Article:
Firearms


I had some Herrett walnut grips on the old Interarms period Walther PPK/S I bought a few months back. After fixing the safety assembly and swapping the weakened trigger spring, the pistol ran flawlessly but was a bit painful to shoot. The grip was just wide enough I was taking a real pounding on the thumb joint. I invested in a set of Altamont grips that needed just a very wee bit of sanding at the top to give clearance for the slide, and voila!

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It not only looks better, the grips allow for hitting the magazine release easier, and reduced the recoil impact on the thumb. The grayish-black laminate matches with the wear in the bluing and gives the pistol a nice used, yet classy look. (I think.) I thought about getting it reblued, but really, I like the distressed look it’s got.

The other bonus — accuracy is much higher as the pistol sits in the hand better. I have found that with the flush magazine, holding the pistol in the old “teacup” style gives me better and more consistent accuracy than the modern thumbs forward. The most recent trip to the range saw “Rolf” here put down a 3ish inch group at 20 yards, free-standing, into the 8/9 ring. I’ve got about 1000 rounds through this thing in the last eight months and it is a delight! It’s bigger and heavier than Wee Jock, my little Kel-Tec P32, but has become my normal carry pistol. I have utter confidence in the ol’ boy.

It has not jammed on any hollow-points or other ammo I’ve used although except for the Seller & Belliot, which saw light primer strikes requiring a second trigger pull to get them to fire. Simple fix: don’t use Seller & Belliot. Rolf particularly likes the American Gunner and Critical Defense series XTP 90-grain round that Hornady puts out. Speeds are consistently in the 975fps range or about 190 ft-pounds of energy, with low felt recoil. If it weren’t a bit pricey for practice, I’d run this on the range as it’s comfortable to shoot.

That said, for you James Bond fans, sorry to disappoint, but you’re not shooting a helicopter down with a PPK!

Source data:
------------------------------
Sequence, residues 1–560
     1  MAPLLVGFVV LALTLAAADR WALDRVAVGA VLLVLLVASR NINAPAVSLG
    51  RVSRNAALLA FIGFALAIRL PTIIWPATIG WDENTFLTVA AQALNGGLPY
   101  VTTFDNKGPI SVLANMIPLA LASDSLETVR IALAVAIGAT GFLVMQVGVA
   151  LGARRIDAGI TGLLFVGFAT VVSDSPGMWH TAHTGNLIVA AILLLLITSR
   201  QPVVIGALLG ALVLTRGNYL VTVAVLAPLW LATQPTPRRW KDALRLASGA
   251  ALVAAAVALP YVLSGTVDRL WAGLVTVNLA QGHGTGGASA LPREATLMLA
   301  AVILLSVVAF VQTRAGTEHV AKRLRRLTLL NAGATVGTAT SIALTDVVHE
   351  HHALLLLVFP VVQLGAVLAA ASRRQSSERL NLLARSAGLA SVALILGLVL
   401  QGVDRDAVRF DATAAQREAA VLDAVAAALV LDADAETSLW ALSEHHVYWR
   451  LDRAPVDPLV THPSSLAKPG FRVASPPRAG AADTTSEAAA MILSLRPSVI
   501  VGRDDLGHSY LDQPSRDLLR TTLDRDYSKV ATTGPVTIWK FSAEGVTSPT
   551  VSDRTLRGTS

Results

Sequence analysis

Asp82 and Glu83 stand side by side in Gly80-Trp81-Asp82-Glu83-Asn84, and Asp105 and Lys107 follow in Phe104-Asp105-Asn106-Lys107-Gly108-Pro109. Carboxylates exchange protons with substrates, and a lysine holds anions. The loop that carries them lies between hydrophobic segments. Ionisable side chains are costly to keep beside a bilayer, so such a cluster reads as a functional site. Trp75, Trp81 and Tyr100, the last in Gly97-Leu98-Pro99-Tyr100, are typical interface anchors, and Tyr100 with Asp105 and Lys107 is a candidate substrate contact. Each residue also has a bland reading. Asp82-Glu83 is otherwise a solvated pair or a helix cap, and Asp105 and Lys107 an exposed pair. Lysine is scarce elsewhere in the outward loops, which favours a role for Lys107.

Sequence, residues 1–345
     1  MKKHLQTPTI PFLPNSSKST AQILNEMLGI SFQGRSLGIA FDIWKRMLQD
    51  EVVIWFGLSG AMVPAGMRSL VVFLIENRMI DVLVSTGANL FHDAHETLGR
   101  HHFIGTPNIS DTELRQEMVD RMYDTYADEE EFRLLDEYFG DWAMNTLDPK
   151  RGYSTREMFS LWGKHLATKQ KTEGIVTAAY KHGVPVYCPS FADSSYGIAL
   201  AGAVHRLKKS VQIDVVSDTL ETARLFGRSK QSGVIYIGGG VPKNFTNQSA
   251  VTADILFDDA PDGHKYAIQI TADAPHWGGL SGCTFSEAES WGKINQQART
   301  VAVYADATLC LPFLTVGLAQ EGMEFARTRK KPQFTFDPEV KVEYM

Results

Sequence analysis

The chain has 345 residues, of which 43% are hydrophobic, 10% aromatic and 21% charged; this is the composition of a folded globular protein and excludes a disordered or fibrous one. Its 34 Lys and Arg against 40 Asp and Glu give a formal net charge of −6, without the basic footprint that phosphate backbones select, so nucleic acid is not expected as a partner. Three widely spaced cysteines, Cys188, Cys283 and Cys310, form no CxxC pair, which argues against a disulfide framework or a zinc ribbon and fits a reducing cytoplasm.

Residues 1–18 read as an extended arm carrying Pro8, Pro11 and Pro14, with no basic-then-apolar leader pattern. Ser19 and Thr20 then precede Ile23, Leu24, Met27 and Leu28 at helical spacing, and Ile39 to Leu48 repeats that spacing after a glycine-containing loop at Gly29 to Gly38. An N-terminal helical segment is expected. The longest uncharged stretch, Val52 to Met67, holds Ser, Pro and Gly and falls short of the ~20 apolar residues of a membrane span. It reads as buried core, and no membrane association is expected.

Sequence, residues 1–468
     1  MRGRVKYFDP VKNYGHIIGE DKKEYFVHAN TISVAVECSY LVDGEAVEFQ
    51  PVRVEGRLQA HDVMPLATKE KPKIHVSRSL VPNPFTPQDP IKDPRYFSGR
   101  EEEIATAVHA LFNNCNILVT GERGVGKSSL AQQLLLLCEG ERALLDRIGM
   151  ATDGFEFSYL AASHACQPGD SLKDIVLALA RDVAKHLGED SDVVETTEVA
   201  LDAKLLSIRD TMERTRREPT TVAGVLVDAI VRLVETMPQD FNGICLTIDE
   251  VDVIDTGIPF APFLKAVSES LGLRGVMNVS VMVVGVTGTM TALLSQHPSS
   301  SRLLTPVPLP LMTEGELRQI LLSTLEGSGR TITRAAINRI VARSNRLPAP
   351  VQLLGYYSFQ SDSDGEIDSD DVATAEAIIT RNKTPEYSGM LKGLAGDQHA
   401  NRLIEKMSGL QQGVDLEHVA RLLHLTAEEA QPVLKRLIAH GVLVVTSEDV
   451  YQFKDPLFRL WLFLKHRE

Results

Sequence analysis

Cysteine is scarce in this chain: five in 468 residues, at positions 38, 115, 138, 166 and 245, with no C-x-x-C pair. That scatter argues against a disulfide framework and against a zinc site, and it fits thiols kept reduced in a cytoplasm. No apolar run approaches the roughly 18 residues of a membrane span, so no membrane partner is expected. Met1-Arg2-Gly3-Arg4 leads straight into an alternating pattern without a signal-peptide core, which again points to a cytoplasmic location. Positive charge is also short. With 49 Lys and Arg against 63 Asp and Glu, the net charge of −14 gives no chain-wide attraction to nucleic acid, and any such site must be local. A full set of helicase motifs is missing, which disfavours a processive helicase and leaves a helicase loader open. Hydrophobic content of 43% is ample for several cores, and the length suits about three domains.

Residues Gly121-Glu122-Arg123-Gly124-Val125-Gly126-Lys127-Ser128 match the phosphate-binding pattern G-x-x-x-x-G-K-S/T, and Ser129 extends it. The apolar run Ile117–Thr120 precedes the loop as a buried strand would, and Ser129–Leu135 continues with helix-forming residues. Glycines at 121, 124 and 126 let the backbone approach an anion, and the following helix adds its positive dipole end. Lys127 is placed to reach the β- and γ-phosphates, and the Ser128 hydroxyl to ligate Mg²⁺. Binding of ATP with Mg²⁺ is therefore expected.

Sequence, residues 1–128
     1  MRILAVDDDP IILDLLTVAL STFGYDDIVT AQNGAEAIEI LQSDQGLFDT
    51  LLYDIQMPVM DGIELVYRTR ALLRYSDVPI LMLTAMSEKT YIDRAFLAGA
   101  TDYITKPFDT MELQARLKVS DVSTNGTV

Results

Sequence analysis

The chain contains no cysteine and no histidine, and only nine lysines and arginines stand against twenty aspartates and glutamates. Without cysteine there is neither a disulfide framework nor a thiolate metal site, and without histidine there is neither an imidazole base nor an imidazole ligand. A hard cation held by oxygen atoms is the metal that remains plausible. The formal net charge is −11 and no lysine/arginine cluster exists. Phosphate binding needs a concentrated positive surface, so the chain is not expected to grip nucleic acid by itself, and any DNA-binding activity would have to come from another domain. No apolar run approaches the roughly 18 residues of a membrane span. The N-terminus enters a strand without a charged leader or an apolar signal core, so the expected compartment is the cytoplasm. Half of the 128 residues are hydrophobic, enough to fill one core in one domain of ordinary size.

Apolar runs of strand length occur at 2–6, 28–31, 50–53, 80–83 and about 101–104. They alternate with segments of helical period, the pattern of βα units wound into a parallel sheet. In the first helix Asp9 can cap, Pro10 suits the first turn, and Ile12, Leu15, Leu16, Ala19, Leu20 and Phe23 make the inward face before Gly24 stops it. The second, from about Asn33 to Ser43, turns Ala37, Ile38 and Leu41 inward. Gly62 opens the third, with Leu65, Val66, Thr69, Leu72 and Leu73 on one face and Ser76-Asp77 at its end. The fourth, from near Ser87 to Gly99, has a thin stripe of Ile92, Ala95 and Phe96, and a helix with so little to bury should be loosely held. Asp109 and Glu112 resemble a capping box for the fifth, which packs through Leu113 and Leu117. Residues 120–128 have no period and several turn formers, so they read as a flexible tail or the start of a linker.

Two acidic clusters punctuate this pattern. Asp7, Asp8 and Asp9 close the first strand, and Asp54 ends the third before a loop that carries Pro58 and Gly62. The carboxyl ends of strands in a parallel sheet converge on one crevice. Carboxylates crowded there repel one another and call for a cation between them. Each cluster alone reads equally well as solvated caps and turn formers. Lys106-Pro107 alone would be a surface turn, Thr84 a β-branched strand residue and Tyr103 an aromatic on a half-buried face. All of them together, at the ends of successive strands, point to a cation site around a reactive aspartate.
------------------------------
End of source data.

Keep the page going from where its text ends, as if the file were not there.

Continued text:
Look what followed me home…

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This early to mid-90s era Interarms Walther PPK had been sitting neglected at the local neighborhood gun store for months. I had been considering the Glock 42 next to it — a pre-owned but never fired piece, but the historian in me was drawn to this treasure, and I beat the guy down to $300. Hit the range and dropped 100 rounds through it. No jams, one failure to fire from a dry and dirty firing pin that was quickly remedied.

It’s about the same size as the Glock 42, but about twice the weight. Still, that fixed barrel: it’s a tack driver.

Here’s an NPC that is featured in The Queen of the Orient sourcebook for Fate and Ubiquity. In the course of last night’s play, I threw in a bit of character development that came directly from a Facebook video, of all things. In it, she’s climbing out of her cockpit and snags her Mauser M1932 Schnellfeuer broomhandle. It’s a select-fire “carbine” where the wooden stock/holster turns the pistol into a short-barreled rifle. she leaves it in this configuration because inside the stock is another Mauser M1932 broomhandle.

I can’t embed the video, but here’s the link (https://www.facebook.com/Anthonysfirearmwarehouse/videos/1911688675513828/)

I have already done a review of the CZ-85 Combat, but here’s another in the CZ stable that I finally got a change to shoot a few times in the last week: the CZ-75B SA (single action).